Germany: First election without Merkel likely to be followed by lengthy government formation process
German voters will head to the ballots on 26 September to elect the members of the Bundestag. Opinion polls are currently too close to call, with the center-right Christian Democratic Union (CDU/CSU) and the center-left Social Democrats (SPD) neck-and-neck. Only one thing is set in stone: Angela Merkel, a beacon of stability and staple of German and European politics over the last nearly 16 years, will step down. The outcome could have a significant bearing on the direction of the European Union’s fiscal and monetary policy, although the exact impact is still hard to decipher. Polls indicate that the current CDU/CSU-SPD coalition will fall short of a majority, and the key question therefore is which party they, or one of them, will choose to form a three-headed government. The Green party are likely contenders, running in third place in the polls, as are the pro-market Free Democrats, who are following further behind. Although a drastic shift in policy is not expected, negotiations could take many months given the number of coalition options.
On fiscal policy, a coalition between the CDU/CSU, Social Democrats and Free Democrats would imply a swifter return to a balanced budget amid a greater focus on fiscal consolidation. Both the CDU/CSU and the FDP emphasized the need for a “black zero” in normal times, and they are keen to deactivate the escape clause in the debt brake as soon as possible. The SPD, however, wants some flexibility in the use of the debt brake rules. A coalition involving the Greens and the SPD would see less emphasis on fiscal prudence as both parties have stated that federal budgets should not be subject to a black zero policy. Instead, the left-leaning parties place more focus on investment, with the Greens wanting to soften the debt brake constitutionally to fund investments through limited deficits.
Climate change will also be a hot topic in any coalition negotiations involving the Greens, who are clearly the most ambitious of the four main parties regarding fighting climate change. They aim to cut CO2 emissions by 70% by 2030, paid for by the federal government. They have also proposed raising the CO2 emission tax and exiting coal-based electricity production by 2030. The latter will be a big pill to swallow, particularly for the CDU/CSU and FDP. On the other hand, the CDU/CSU and the SPD are aiming for carbon neutrality by 2045.The CDU/CSU wants the green transition to be based on market instruments, and it could find an ally in the FDP.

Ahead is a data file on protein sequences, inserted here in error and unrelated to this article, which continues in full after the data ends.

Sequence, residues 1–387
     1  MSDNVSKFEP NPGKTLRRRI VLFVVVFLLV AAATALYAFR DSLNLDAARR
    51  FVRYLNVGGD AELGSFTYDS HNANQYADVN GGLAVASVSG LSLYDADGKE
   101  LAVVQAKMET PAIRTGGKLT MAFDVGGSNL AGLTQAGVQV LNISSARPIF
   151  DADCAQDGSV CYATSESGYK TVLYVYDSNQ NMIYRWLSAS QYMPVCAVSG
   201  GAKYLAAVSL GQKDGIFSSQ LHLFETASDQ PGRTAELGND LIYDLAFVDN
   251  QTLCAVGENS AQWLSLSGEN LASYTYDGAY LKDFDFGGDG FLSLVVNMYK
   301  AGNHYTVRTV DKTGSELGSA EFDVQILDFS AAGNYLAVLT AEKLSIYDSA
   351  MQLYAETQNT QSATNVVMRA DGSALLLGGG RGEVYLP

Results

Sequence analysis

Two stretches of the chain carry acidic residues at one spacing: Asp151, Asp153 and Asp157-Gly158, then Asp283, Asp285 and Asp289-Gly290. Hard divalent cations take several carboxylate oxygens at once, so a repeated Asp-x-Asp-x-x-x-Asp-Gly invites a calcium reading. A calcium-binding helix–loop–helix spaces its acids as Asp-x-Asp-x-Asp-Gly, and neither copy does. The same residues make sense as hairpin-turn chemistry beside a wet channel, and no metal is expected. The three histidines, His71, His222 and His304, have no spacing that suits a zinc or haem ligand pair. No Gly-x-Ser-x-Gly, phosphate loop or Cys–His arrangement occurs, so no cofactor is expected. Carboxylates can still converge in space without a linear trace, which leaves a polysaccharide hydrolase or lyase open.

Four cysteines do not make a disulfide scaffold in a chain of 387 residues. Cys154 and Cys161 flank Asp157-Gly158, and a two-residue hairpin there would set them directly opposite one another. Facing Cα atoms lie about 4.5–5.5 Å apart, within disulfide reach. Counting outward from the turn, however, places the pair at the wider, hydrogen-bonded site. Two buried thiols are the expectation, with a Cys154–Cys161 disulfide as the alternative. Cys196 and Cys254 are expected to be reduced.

On Europe, while the CDU/CSU is in favor of deeper integration, it does not want debt sharing or a transfer union. The party wants to modernize the current rules without softening them. On this topic it could again find a partner in the FDP, which is in favor of an EU constitution and European army but wants to return fully to the Maastricht criteria. Meanwhile, the SPD is an advocate for greater fiscal transfers, akin to the Greens; however, the Greens also want to increase the size of the European Union’s budget, or grant the EU a permanent and autonomous fiscal capacity. The FDP, SPD and the Greens find common ground in their desire to turn the European stability mechanism (ESM) into a European monetary fund. However, their ideas differ greatly. The leftist parties want the fund to be a milder version of the ESM, whereas the Free Democrats want it to be tougher, aiming to supervise the policies of other member states more effectively.
All in all, while the parties propose different ideas on many policy areas, and some quite far-reaching, the likelihood of grand changes to policy is limited by the nature of the German system. Analysts at Berenberg added:
“The international debate about the potential outcome of the German elections often focuses on the scope for a major shift towards fiscal expansion in Germany and more risk-sharing in Europe. […] [However,] due to the limits enshrined in the German constitution, the watchful eye of the constitutional court and the role of the upper house of parliament, the scope for meaningful shifts in the overall stance of fiscal policy and of German guarantees for its EU/Eurozone neighbors is very limited regardless of the shape of the next government.”